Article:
As some of you know, the residents of Rogers’ Park, in Chicago, kicked off this process in November of last year. Participatory Budgeting is a process of local direct democracy, whereby local residents come up with ideas for spending and then make binding decisions on part of a budget. It originates in Brazil in Workers’ Party-run cities in the 1990s, and it is for many observers an example of creative governance on the part of the left of the period. In the last fifteen years the idea has spread though channels like the World Social Forum, but also through international agencies and NGOs. I’ve been involved with it for a few years since writing my book about Porto Alegre, but mostly in the context of Brazilian experiences. And in 2006 Josh Lerner and I started the “Participatory Budgeting Project” – an organization and website to promote it in the US. There are literally now hundreds of examples of Participatory Budgets throughout the world, but until now, not one in the United States.
Though we had been discussing and planning this with Joe Moore, the Alderman of the 49th Ward, and a local Steering Committee for almost six months at that point, it was not until the first minutes of the first meeting that it sunk in that this was going to happen. For the last few years, whenever someone brought up the possibility of “participatory budgeting in the United States” it was as a kind of joke – kind of like “socialized medicine in the United States.” But momentum has been building over the last couple of years, and the idea has bubbled up in different places: conversations at the US Social Forum, at the Midwest Social Forum, and places like it. Then there has been the endorsement of the idea by the Rights to the City Network and then by the Solidarity Economy Network; there have been successful examples in a few places in Canada; there was also the campaign in Lawrence, Mass, not to mention a number of smaller bubbles, like the that of the student senators at UMASS Amherst a couple of years back who proposed it for use with the budget of the student senate. And certainly, “participation” is in the air with the new administration in Washington DC.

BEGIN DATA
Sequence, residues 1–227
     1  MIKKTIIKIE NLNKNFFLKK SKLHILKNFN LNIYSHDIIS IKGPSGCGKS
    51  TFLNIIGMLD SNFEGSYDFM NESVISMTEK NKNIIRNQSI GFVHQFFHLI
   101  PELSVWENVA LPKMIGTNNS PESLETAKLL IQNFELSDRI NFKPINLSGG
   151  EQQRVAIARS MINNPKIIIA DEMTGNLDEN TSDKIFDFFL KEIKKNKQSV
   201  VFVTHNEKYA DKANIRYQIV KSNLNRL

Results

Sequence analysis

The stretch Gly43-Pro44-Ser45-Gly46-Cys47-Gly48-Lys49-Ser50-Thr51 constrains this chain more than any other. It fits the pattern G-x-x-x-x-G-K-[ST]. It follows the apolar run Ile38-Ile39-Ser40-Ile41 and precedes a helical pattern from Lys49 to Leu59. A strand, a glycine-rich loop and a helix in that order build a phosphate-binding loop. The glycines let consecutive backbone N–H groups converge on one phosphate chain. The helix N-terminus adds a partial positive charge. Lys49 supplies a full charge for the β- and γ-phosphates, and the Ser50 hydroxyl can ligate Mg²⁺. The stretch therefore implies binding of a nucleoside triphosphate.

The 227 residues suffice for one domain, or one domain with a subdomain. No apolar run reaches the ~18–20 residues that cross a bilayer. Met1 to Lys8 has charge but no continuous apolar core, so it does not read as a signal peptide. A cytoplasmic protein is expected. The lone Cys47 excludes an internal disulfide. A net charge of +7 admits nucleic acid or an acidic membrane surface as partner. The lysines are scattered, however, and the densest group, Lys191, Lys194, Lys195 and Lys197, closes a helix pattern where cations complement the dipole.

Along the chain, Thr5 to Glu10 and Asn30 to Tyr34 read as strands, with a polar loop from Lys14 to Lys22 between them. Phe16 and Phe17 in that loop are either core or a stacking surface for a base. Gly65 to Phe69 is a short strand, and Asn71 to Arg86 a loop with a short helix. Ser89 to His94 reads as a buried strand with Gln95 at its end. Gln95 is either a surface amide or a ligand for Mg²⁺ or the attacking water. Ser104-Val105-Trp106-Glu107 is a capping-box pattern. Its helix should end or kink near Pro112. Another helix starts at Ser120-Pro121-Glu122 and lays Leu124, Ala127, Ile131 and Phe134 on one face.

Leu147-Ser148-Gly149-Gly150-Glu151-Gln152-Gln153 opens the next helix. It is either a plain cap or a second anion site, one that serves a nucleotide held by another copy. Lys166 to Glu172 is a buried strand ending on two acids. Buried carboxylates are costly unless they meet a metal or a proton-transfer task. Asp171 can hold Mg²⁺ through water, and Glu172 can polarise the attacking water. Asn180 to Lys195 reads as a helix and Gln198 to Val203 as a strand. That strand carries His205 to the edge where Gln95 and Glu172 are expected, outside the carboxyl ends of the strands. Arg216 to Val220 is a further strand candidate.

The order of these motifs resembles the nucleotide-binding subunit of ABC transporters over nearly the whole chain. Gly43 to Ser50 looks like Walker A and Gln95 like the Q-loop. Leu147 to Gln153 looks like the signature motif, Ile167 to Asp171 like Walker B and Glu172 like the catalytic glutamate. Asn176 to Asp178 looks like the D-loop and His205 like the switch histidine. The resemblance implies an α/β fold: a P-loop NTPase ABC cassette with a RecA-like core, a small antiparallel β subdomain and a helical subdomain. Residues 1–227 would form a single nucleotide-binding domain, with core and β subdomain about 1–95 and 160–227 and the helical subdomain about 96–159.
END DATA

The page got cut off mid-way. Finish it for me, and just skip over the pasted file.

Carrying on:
But it was Alderman Joe Moore and the residents of Chicago’s 49th Ward who launched the first US participatory budget, the process through which local people are able to decide, through direct democracy, on city budget spending. The process is scheduled to run for five months, and community members are going to decide how to spend Moore’s $1.3 million discretionary budget. In November there were nine neighborhood assemblies. In addition to learning about the process and about the budget for the Ward, participants in those identified project ideas for the ward and selected community reps for the next stage. For the next four months, the reps are meeting in theme committees (Parks & Environment, Public Safety, Streets, Traffic Safety, Transportation, and Art & Other Projects). During these meetings, they are developing project proposals based on the community priorities, and consulting more with the community. In April, all ward residents will be invited to vote on the project proposals, and their votes will determine what gets built.